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Henning Mankell (Fernando Morales/The Globe and Mail)
Henning Mankell (Fernando Morales/The Globe and Mail)

Henning Mankell on murder, mystery and growing old with Wallander Add to ...

It's a bittersweet day for the legion of Kurt Wallander fans in North America. For the first time in a decade, a new novel featuring the immensely popular Swedish detective hits the stores. But readers will want to turn the pages of the 10th book in the series slowly - because it's also the final Wallander mystery from writer Henning Mankell.

Long before Stieg Larsson became the face of Swedish crime fiction with his computer-hacking heroine, Mankell plucked his protagonist from the pages of a phone book. The novelist wanted to write a story about racism in Sweden and decided he would need a policeman to do that. So, in 1989, he found the name Wallander in a local directory, and the lonely, rule-breaking detective was born.

Since then, 35 million readers have come to know the policeman and his evolving personal troubles (drinking and divorce, for starters) while exploring the social issues facing Sweden. Wallander books are sold in 45 languages. There are television series and films based on the books in Sweden, as well as a version on the BBC, Wallander, starring Kenneth Branagh. And tourists regularly flock to Ystad, the town in southern Sweden where the books are set, for tours of the fictional detective's haunts.

In his new book, The Troubled Man, Mankell once again turns to murder and mystery. The plot centres on a retired naval commander who suddenly disappears, leaving no clues but a buried past involving Cold War subterfuge as well as personal secrets.

But this isn't a typical Wallander police procedural, says Mankell on the phone during a visit to France: "He is not actually solving a case. He himself is the case."

Wallander takes on the case of the missing officer for family reasons: His daughter is engaged to the officer's son. More personally, Wallander spends much of the novel looking inward, facing the fact that he is aging.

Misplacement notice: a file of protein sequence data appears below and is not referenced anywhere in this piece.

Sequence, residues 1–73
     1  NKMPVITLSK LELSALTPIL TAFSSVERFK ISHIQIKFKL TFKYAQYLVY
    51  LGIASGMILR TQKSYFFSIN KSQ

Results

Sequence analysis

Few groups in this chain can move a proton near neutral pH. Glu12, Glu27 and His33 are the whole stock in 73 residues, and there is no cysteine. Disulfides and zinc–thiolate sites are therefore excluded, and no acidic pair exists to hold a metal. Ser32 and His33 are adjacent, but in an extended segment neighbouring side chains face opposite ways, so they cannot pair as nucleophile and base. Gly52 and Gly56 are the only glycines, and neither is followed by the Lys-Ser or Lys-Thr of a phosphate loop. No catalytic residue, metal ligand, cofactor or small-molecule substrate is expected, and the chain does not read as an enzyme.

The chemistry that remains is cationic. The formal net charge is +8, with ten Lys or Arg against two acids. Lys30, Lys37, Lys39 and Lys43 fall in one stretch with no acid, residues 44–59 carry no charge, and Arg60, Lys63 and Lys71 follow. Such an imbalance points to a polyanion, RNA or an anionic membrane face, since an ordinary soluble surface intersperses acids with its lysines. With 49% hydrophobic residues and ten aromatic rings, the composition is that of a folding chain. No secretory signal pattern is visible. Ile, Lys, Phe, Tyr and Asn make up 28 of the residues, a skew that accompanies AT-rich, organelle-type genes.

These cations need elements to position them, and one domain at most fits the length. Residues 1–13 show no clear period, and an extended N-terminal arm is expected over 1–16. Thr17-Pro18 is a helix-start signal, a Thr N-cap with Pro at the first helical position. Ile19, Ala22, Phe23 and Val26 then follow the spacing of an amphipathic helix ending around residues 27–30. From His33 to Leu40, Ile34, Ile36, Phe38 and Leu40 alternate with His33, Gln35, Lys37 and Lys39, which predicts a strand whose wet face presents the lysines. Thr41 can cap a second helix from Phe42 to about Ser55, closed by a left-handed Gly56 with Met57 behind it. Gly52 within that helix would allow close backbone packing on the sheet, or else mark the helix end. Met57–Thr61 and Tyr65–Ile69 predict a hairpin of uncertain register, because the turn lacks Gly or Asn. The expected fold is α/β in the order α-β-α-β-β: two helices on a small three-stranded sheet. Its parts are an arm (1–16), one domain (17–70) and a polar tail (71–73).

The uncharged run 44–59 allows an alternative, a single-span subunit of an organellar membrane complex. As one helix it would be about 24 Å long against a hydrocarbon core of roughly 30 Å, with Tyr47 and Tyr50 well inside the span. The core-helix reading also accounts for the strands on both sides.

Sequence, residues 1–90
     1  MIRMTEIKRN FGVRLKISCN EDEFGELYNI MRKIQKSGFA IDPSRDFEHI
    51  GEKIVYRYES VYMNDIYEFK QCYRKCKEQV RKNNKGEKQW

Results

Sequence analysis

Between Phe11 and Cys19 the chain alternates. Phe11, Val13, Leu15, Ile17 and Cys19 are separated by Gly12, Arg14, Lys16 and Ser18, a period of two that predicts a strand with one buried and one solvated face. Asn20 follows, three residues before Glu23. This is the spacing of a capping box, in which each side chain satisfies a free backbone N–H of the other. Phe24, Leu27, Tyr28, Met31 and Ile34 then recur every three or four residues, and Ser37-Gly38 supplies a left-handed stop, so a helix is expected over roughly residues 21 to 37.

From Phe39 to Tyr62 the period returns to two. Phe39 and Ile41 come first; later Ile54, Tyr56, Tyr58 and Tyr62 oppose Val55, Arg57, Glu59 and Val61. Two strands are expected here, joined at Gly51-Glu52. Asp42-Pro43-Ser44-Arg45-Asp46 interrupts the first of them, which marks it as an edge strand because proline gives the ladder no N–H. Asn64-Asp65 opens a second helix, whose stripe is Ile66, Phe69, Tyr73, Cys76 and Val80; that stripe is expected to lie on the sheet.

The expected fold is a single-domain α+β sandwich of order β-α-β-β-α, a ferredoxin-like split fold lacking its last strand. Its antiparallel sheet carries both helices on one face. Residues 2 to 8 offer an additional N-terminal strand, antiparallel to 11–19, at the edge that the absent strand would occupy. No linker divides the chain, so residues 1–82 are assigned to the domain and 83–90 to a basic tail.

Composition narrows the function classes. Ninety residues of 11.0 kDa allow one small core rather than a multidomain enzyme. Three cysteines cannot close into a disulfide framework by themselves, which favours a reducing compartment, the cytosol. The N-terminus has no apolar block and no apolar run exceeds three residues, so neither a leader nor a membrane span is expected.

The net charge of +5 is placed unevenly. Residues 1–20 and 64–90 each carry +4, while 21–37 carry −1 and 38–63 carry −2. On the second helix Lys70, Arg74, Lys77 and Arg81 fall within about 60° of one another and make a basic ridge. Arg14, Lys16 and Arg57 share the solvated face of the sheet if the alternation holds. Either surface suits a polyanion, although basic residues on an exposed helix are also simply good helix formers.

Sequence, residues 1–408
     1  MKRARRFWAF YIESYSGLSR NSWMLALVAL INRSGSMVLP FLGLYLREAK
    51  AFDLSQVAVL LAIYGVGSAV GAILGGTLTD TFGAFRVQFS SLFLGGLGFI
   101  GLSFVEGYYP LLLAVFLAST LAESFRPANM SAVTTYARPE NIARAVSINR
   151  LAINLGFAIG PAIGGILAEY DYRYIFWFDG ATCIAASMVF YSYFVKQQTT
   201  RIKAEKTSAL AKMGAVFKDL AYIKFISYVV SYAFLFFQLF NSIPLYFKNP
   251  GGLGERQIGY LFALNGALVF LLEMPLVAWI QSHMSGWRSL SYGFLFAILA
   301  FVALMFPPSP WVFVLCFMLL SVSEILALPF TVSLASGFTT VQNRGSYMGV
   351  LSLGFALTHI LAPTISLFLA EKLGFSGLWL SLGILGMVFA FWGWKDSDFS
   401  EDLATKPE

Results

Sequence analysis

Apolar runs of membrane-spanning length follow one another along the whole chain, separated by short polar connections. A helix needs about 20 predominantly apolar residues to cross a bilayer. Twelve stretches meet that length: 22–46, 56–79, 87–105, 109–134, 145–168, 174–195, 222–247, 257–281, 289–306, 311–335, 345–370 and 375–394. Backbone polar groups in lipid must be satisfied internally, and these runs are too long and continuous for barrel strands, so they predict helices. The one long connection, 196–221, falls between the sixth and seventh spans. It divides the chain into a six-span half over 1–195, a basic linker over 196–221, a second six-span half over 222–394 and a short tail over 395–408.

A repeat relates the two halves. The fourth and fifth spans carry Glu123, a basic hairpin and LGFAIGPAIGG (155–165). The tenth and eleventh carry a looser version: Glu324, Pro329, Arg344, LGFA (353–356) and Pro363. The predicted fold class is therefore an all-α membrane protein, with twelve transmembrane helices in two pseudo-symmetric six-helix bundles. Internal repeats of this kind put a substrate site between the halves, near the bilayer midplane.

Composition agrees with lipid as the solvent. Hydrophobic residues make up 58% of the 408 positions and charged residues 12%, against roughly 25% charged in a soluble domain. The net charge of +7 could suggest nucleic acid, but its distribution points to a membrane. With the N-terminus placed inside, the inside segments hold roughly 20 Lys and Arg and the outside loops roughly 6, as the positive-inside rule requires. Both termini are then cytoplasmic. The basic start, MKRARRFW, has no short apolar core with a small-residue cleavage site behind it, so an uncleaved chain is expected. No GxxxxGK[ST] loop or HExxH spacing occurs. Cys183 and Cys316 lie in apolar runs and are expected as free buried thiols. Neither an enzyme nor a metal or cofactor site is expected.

"In this story, he and I sort of come together," says Mankell, noting that because they are both 63 he could talk about his own fears through his character.

Early in The Troubled Man, Wallander finds himself forgetting the purpose of a trip as his car pulls up to his destination. Is he simply stressed? Or is this a sign of dementia? That's what really worries Mankell about getting older. "I don't think I am afraid of dying," he says. "What I'm afraid of is that I will continue to be physically fit, but I will start losing my brain."

When Mankell combined that concern with what he calls "the biggest scandal in Sweden in my lifetime" - when foreign submarines invaded Swedish waters in 1982, and local politicians blamed the Soviet Union without convincing evidence - he knew he had one more story to tell. Part mystery and part thriller, his new novel moves at a slower pace than other Wallander books and is more introspective. As Wallander looks into the naval commander's past and digs up evidence about the submarine incidents, he deals with his own health as many of the pivotal people from his past make appearances.